Asking the CRTC to consider human health in regulations
The Canadian Radio-television and Telecommunications Commission held hearings as part of a comprehensive review of mobile wireless services this week.
I was there to testify on behalf of SafeEMF, also known as EMF Off!
It did not go well.
Commissioners didn’t seem to understand why we want them to consider Canadian health as they regulate the operations of every telecommunications operator in the country. They seemed to think that someone else has that job.
I hope that they were just tired and hungry and that the final report will include measures to protect Canadian health after-all.
Perhaps I shouldn’t have been so surprised at their disinterest.
Chairperson Ian Scott set up expectations at the beginning of deliberations. In part, he said:
Our objective is to ensure that the regulatory framework enables sustainable competition that provides better prices and innovative services for Canadians, as well as continued investments in high-quality networks across Canada.
The current framework for wholesale mobile wireless services was established in 2015. It requires Bell Mobility, Rogers and Telus to provide wholesale roaming services to competitors at rates set by the CRTC. This regime was to remain in place for a minimum of five years to allow for competition to develop sustainably.
Since then, the CRTC has updated the Wireless Code, taken steps to make lower-cost data only plans widely available to Canadians and finalized wholesale roaming rates – all in an effort to empower consumers and ensure the marketplace continues to meet their needs. We also made access to mobile wireless voice and Internet services part of the universal service objective.
We want Canadians to have access to world-class mobile wireless services, in terms of coverage, quality and price.
Between 2016 and 2018, wireless service providers have invested more than $7 billion in their networks to expand their reach and improve the quality of their service. According to our latest data, 99% of the population has access to LTE coverage, and 95% has access to LTE-A technology. We want to ensure that network investment continues so that the quality and speeds of Canada’s wireless networks are among the best in the world.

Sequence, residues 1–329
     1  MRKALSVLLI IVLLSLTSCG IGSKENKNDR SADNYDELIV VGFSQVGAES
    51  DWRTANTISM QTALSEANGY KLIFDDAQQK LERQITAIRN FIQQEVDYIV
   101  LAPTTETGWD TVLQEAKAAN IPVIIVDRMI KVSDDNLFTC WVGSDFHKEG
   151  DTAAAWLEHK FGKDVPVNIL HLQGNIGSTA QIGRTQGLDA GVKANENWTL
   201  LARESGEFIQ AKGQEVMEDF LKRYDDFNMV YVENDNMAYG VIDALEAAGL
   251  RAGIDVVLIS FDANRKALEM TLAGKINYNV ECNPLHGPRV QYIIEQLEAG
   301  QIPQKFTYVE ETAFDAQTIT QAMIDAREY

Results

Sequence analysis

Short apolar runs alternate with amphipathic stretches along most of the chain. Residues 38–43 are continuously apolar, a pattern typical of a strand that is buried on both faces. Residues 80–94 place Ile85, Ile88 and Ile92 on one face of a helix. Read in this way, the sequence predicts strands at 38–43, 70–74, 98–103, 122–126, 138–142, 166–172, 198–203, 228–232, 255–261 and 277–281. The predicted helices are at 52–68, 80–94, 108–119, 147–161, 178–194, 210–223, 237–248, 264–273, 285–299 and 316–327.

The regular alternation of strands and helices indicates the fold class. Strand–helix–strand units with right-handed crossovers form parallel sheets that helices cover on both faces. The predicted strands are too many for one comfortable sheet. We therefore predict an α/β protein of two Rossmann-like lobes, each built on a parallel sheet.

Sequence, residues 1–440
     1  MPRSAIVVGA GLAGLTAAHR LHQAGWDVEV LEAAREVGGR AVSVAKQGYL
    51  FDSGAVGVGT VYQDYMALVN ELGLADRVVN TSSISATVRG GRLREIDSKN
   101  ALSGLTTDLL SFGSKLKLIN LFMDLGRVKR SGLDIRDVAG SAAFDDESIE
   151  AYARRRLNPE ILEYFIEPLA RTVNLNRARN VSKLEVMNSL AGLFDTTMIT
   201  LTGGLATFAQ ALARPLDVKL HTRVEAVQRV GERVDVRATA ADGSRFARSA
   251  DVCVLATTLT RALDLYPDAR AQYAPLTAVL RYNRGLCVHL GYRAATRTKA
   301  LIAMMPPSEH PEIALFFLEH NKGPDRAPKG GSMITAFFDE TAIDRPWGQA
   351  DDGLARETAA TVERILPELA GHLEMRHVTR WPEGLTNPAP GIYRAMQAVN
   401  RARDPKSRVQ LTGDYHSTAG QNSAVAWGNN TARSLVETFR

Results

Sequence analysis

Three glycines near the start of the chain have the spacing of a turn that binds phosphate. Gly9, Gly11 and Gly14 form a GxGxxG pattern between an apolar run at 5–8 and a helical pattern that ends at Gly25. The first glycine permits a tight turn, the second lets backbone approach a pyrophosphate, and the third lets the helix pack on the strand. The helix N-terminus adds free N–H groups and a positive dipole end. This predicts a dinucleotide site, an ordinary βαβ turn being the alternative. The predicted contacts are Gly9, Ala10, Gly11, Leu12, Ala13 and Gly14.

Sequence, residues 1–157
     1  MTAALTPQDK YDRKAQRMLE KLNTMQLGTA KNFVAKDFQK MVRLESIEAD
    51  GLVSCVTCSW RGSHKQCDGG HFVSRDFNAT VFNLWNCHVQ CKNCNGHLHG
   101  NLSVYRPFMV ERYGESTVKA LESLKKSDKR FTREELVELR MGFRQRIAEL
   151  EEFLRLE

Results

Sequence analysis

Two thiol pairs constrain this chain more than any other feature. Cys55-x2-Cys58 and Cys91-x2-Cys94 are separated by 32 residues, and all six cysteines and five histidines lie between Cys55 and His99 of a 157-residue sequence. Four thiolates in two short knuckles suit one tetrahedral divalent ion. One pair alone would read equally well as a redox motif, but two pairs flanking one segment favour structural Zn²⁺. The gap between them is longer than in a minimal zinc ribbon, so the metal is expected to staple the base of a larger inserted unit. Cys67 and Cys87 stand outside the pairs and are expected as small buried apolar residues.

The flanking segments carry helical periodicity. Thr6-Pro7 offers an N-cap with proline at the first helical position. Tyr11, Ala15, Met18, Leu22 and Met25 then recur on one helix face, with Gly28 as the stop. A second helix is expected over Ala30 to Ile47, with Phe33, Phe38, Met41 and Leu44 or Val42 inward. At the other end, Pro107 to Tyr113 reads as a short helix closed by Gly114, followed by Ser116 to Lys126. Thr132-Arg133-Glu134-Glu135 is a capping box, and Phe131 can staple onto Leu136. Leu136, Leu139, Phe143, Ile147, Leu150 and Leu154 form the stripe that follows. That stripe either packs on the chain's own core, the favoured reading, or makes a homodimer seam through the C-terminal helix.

In terms of price, there has been progress. Mobile wireless rates decreased by an average of 28% between 2016 and 2018. We remain concerned, however, that these price decreases may not be keeping pace with what is transpiring in other jurisdictions, and we want to see a broader range of affordable options for consumers.
Unfortunately, commissioners didn’t seem to understand why they should care about human health in their efforts to “regulate and supervise broadcasting and telecommunications in the public interest” as they say on their website.
Ian Scott made it clear that they want to approve the 5G roll out as quickly as possible, when he said:
Our goal is to ensure that Canadians have access to a world-class communications system.
After watching submissions and seeing the questions commissioners asked throughout the week, I got the impression that the CRTC cares too much about innovation and has the rest of the possible elements of public interest.
Commissioners seem to be looking for a way to drop prices without regulating, although one commissioner definitely seemed to care a lot about access as well.
Those of us concerned about access, health and privacy were definitely in the minority during this hearing.
About the Author
Tracey Arial helps Canadians grow with notable nonfiction and urban agriculture.